This LEGO robot consists of pieces from the greatest variety of LEGO sets. Mainly elements from the #7325 LEGO Pharaoh’s Quest Cursed Cobra Statue, and few pieces from #7566 LEGO City Farmer, #7955 LEGO Kingdoms Wizard, #30013 LEGO City Police Buggy, and #30080 LEGO Ninjago Ninja Glider. As you can see, I used the Leg-As-Fingers technique again, but this time I think I nailed it.
I love this little guy! I created it solely from the pieces of the #2260 LEGO Ninjago Ice Dragon Attack. Surprised? I know I am. I made full use of the quantity of hinges in the set, and the hunchback is pretty neat. I also like how the hinge incorporates with the socket-joint so seamlessly.
Now, let’s step it up to some of my bigger LEGO robots. This robot was made out of pieces from only the #4643 LEGO City Power Boat Transporter. I did some hardcore SNOT-ing for that head (see LEGO Dictionary), which turned out okay, but sadly doesn’t turn. I am seriously overusing those wheel arches as shoulder-armor since the LEGO Exo-Force theme (particularly the awesome Blazing Falcon!) is still burned so freshly within my mind. The gun-thing turned out good, I think, and the number 8 insignia is okay. But what I’m most proud of in this LEGO robot is the legs. You might argue that the hips are not the best place to incorporate click-hinges – and I got to agree with you – but the legs hinge sideways, with the feet attached to only one stud, so the robot can balance itself.
This is the first LEGO robot I made for the challenge, thus still kind of rough. Oh yeah, also because when I was building this my sister took all the click-hinges, significantly limiting me. This one is made of pieces from the #4206 LEGO City Recycling Truck and the #3939 LEGO Friends Mia’s Bedroom sets, which explains the hints of aqua-blue. With the chest, I wanted to get some sort of Transformers feel, so I used the decaled front of the Recycling Truck. Well, I don’t have much else to say… I feel like I kind of messed up with this one. 😐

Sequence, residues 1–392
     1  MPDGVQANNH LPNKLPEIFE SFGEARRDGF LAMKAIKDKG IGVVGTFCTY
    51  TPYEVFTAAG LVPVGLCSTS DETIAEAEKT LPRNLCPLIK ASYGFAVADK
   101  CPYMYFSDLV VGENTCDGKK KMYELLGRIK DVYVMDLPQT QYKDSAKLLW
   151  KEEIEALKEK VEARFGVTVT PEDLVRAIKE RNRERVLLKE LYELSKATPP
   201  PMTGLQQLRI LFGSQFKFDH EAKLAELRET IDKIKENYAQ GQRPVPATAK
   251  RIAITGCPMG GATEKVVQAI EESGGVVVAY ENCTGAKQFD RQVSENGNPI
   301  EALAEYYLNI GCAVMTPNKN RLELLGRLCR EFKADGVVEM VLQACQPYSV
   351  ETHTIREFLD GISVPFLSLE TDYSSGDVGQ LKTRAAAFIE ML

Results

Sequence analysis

Ok, fine, I cheated; this creation – which is, by the way, made out of only pieces from the #7021 LEGO Viking Catapult vs. the Armored Ofnir Dragon – is not a robot but a mecha. Kind of like the mechs in LEGO Exo-Force. The “cockpit” opens, allowing a Viking warrior to sit inside. And in case you haven’t noticed, I was thinking of the #7700 LEGO Exo-Force Stealth Hunter set when I built this – which explains the double-sided melee weapon and the long-range weapon. I also wanted to add wings, but I think it would have been a bit over-the-top.
And that’s about wraps it up as far as my LEGO robots. Since this is my first post sharing my own MOCs and the very first time I’m posting my MOCs online, please give me feedback and let me know what you thing. Part of the reason I’m sharing these with you is to prove that you can build anything from LEGO… out of any LEGO set. So try challenging yourself by choosing a LEGO set (or sets), decide on a topic, and build something! Feel free to share your results below! 😉
As I mentioned in my previous posts, I’m a TFOL (Teen-Fan-of LEGO) and I’m an official contributor here. You can visit my Contributor’s Page if you would like to learn more, just to chat, or read my other posts: